No one could have missed that there’s a General Election next month. It’s blanket coverage across the media, picking over manifestos and cross examining politicians on numbers and affordability. And of course, inevitably the predictions of what the final outcome will be. A whole industry has grown up around polling – according to this Monday morning’s press reports (15 May), the Conservatives have a lead of some 14 to 15 points over Labour’s 32%. There is talk of a “towering lead” and a “hefty majority” in June.
Casting our minds back a whole two years to May 2015 here’s what was being said the day before the Polling Stations opened…..
“What we can be sure of is that no single party will win an outright majority” (The Guardian)
“Pollsters predict a Tory lead but a Miliband government” (The Independent)
“Parliament will be hung” (The Telegraph)
The BBC Poll of Polls produced this handy summary so we could see how close to call it was going to be …
And so it came to pass that the Conservatives got 36.9% of votes and Labour 30.4% giving the Conservatives a 12 seat majority – no neck and neck result, no hung parliament, no coalition, goodbye Ed Miliband and Nick Clegg and much mocking of pollsters for getting it so wrong (and the beating of chests and howls of ‘what went wrong’ from the pollsters).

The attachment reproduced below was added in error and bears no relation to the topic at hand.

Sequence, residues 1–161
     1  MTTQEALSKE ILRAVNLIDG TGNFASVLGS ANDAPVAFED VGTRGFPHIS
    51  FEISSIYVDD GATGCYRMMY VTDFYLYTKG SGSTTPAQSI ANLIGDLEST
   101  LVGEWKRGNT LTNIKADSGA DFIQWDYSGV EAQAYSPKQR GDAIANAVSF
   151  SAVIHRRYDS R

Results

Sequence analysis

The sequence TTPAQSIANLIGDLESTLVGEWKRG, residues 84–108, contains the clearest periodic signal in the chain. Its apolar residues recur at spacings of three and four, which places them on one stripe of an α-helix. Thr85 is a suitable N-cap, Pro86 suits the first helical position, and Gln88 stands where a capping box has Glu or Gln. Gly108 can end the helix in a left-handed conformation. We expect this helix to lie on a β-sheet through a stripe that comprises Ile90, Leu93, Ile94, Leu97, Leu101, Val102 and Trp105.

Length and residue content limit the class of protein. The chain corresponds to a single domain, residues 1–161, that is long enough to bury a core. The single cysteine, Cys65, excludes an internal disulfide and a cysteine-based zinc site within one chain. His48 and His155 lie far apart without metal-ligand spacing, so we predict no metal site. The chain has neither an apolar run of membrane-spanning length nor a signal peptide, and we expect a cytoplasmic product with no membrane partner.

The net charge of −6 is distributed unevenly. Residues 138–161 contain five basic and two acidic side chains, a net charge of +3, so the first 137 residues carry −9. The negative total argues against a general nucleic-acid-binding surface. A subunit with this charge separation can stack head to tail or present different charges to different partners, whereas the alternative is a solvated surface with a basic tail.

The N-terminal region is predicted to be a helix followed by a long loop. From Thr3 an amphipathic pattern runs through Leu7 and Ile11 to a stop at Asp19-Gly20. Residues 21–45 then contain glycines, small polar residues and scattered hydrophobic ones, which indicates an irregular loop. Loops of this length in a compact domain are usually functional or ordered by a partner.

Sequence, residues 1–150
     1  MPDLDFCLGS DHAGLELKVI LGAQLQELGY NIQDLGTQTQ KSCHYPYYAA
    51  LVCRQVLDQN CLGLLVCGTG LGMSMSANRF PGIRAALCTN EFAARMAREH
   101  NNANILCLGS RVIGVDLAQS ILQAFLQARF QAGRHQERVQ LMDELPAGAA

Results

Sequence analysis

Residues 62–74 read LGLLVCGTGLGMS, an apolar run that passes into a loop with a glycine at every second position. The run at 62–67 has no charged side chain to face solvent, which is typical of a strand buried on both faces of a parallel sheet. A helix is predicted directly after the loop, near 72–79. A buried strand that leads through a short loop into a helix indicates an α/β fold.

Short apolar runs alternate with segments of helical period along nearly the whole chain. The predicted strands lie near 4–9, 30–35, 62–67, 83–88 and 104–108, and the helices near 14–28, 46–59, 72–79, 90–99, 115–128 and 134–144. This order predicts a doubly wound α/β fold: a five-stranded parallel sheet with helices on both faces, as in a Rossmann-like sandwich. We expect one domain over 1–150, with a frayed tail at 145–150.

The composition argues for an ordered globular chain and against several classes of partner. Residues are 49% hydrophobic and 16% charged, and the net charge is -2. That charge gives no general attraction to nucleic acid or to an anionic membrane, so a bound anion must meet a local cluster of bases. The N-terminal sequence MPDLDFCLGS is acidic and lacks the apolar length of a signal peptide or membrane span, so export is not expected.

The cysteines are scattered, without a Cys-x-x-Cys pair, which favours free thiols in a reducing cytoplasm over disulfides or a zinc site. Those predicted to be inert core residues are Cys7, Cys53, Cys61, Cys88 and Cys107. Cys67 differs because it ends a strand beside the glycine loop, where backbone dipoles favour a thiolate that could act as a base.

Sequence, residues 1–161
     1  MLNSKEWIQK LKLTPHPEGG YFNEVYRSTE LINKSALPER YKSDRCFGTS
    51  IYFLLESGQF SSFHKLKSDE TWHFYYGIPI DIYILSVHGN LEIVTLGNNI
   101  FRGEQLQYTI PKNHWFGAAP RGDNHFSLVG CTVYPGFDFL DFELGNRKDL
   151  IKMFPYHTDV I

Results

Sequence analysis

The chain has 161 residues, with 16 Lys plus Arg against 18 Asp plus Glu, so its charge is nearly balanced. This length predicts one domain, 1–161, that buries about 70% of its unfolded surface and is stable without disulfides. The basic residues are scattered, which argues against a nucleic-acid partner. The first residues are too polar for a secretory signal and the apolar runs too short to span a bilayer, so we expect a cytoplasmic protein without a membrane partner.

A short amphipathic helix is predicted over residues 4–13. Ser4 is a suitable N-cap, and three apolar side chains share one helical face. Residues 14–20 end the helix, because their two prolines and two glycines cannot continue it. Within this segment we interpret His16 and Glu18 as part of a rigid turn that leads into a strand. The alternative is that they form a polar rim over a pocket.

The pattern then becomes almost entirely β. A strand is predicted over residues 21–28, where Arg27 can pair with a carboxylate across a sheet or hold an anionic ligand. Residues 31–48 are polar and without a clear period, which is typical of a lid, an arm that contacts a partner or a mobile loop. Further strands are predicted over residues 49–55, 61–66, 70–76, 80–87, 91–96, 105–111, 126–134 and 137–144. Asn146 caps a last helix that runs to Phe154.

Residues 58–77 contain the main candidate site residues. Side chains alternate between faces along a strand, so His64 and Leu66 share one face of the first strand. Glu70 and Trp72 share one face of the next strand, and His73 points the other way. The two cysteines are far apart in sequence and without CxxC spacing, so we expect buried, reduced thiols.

Confidence in the polling sector was shaken. The British Polling Council sprang into action and immediately set up an enquiry into how pollsters underestimated the Conservative lead over Labour. And their overall conclusion – unrepresentative samples that over-estimated Labour and underestimated Conservative voters plus a lot of methodological advice for the sector.
But that wasn’t the end of it — we’ve also had Brexit and the US Presidential Election that got it wrong – although to be fair the Brexit polls predicted a neck and neck outcome to the very last. On the 23 June 2016, the Times had Leave at 46% and Remain at 48%, YouGov at 45% Leave, 45% Remain, Opinium 45% Leave, 44% Remain – the final result was Leave 51.9% and Remain 48.1% (though a notable congratulations to What UK Thinks who predicted 52% Leave, 48% Remain).
On the eve of the US Presidential Election, the NY Times modelled all the polling results and gave Clinton an 85% chance of winning. Ouch. The Telegraph summed it up the day following the election – its headline:
“How wrong were the polls in predicting the US election and why did they fail to see Trump’s win?”
Is getting it wrong new? Are we witnessing a new trend in what voters tell pollsters? Are they making their minds up when staring at the ballot paper? Or is it down to the mysteries of sampling bias and last minute voter swing? Maybe the likelihood of the ‘olds’ to register and vote and the can’t be bothered ‘youngs’ to stay at home? Or the problem of using online and phone panels to ask people how they are going to vote rather than the old-fashioned approach of knocking on doors?
All these explanations have been put forward but it seems not – in fact getting it wrong has been happening for a long time (remember the 1992 ‘It was the Sun that Won it’/War of Jennifer’s Ear General Election when everyone predicted a hung Parliament?). Leaving the last word to John Curtice (the chap who accurately predicted the outcome of Brexit) “In historical terms, the 2015 polls were some of the most inaccurate since election polling first began in the UK in 1945. However, the polls have been nearly as inaccurate in other elections but have not attracted as much attention because they correctly indicated the winning party”.